BUSINESS OPERATIONS | INVENTORY MANAGEMENT
+ How do retailers keep enough inventory to satisfy immediate demand without stocking too much? Here are some examples: • Data and process: To remove inefficiencies a retailer can leverage process mining technology to evaluate where the delays or wasteful steps are so they can be eliminated or automated. Every time a human has to touch a system it can cause a delay or create errors. Applying process automation and orchestration ensures data flows happen in a timely manner. Some savvy retailers have learned to leverage technology to move to an event-driven order processing approach. This reduces the time it takes for orders take to move from the web- store through to allocation, pick, pack and ship from hours to a fewminutes. It also has a positive sustainability impact, as it increases the time to consolidate more orders together on the same outbound shipment – reducing transportation costs and emissions. • Analytics and AI: Leveraging highly advanced predictive analytics and AI can improve the quality of calculations made in terms of merchandising decisions (initial buy quantities, allocations, sales forecasts, howmuch product is held in inventory and where). This not only reduces customer disappointments and increases sales, but it also minimises product disposal costs (financial and environmental) and the need for additional shipments. For certain types of retail like luxury items, maximising the accuracy of these decisions is critical from a sustainability perspective, especially given the coverage last year of how products were thrown out in order to keep availability limited – and prices high.
• Internet of Things (IoT): If you cannot measure something you cannot manage it. Technologies leveraging IoT offer some new and interesting possibilities. Devices can be used to understand and control inventory across the supply chain – so you can deploy it to where it is needed by travelling the shortest distance, using the most sustainable route and transportation method. At a store or distribution centre, IoT can monitor and control energy consumption from freezers, and HVAC equipment (heating ventilation and air conditioning), thus saving money and delivering against a sustainability agenda. Being super-efficient enables sustainability. This in turn allows retailers the ability to differentiate themselves while cutting costs, which in today’s cutthroat market is nothing to sneeze at. With the right tools, retailers really can save money while saving the planet.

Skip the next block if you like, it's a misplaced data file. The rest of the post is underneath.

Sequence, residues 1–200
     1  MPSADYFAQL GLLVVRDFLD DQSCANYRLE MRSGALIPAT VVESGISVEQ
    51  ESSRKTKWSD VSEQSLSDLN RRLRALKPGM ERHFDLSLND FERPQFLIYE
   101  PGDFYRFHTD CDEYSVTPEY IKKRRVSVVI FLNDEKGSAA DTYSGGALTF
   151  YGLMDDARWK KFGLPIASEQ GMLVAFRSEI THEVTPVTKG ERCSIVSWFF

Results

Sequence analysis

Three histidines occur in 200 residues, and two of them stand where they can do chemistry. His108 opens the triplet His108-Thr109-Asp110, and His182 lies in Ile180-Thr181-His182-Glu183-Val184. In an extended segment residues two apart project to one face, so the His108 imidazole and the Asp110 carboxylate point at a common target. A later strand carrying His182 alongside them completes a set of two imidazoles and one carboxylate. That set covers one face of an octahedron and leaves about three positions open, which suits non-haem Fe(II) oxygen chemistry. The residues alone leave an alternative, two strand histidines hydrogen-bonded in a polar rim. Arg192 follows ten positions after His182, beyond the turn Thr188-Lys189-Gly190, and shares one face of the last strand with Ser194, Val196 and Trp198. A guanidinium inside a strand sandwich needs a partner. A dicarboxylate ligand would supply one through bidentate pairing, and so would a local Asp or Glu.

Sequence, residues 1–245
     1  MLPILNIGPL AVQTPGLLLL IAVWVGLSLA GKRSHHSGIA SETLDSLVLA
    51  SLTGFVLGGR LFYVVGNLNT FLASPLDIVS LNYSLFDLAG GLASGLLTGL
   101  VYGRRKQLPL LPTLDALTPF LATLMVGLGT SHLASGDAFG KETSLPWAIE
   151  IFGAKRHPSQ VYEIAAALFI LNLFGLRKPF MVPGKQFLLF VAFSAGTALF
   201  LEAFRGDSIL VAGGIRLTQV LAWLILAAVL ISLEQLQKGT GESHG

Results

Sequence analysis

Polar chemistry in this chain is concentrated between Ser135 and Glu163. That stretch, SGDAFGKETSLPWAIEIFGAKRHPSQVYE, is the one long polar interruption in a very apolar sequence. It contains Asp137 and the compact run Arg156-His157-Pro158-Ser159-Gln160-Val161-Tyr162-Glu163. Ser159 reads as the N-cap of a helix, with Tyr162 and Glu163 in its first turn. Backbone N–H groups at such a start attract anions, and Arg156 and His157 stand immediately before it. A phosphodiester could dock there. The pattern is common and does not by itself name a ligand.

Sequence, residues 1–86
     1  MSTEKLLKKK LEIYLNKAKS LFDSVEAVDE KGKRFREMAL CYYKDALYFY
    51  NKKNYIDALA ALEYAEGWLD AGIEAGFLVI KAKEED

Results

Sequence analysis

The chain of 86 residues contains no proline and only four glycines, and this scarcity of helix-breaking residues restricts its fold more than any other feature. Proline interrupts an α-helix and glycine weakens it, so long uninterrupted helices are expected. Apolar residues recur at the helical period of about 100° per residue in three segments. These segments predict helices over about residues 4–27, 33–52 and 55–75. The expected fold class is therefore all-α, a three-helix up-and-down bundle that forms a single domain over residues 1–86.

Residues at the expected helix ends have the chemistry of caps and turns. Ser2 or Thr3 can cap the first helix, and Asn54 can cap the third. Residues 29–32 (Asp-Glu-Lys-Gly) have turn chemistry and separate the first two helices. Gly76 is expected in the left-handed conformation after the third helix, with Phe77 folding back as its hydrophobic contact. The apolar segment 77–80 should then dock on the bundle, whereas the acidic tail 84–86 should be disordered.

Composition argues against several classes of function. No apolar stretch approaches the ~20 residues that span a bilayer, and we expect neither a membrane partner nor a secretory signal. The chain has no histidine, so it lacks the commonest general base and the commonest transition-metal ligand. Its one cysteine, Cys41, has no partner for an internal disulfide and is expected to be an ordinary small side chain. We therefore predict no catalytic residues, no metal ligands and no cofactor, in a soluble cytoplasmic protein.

Retailers can save money AND save the planet Consumers want a personalised experience, fast delivery and, in the meantime, do not want to damage the environment. But is this all possible?
BY OLIVER GUY [SOFTWARE AG]
differentiator with customers, employees, investors, suppliers and other stakeholders. But it also has an additional business benefit – having the focus on sustainability can actually drive down cost. Therefore, it creates an additional tangible reason to be super-efficient within the business. Often when an online customer order is delayed it is the result of a mistake, miscalculation, or very often a misalignment in terms of the flow of data. Ultimately this is inefficiency. Technology can play a major part in eliminating these mistakes and miscalculations – helping to create a flawless flow of data to avoid these issues.
etailers have a lot on their plates. The industry has been disrupted by the likes of Amazon and other online retailers and consumer expectations
Then there is the inventory conundrum; how do retailers keep enough inventory to satisfy immediate demand without stocking too much? In the case of grocers, this can mean throwing away food. Plus, expedited shipping can mean delivery vehicles are not optimised; delivering a half load instead of a full one causes more pollution and more wasteful packaging. So how does a retailer satisfy every customer’s whims while leaving a lower carbon footprint? SUPER-EFFICIENCY TO THE RESCUE Sustainability makes sound business sense. A focus on sustainability can be used as a
have soared – making it imperative that retailers offer what each customer wants, when they want it and where they want it. All of these challenges not only make it difficult for retailers to survive but can also detrimentally affect our environment. Convenience has a price; deliveries have soared as the click-to-buy culture expects instant gratification. Delivery vans, motorbikes and trucks dump tonnes of carbon emissions (including fine particulates that can trigger asthma attacks) into the environment while tangling traffic.
Software AG helps retailers digitally transform their businesses. With Software AG’s Digital Business Platform, retailers can connect systems, people and things in real-time in order to streamline, automate and provide intelligent visibility. Leveraging vendor agnostic integration technology, data silos can be eliminated to efficiently enable the omni-channel customer journeys demanded by today’s demanding consumer. For more information, visit SoftwareAG.com/Retail
12 RETAILER | MAY 2019
MAY 2019 | RETAILER 13www.retail.org.au
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